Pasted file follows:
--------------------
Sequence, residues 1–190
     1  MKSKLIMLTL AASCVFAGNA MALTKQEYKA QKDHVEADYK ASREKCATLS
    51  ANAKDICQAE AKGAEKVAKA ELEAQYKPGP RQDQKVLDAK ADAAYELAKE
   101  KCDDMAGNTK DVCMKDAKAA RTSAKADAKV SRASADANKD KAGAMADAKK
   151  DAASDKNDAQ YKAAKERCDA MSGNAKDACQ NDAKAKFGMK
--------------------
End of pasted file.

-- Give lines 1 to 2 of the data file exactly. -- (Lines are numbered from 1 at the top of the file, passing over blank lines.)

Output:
Sequence, residues 1–190
     1  MKSKLIMLTL AASCVFAGNA MALTKQEYKA QKDHVEADYK ASREKCATLS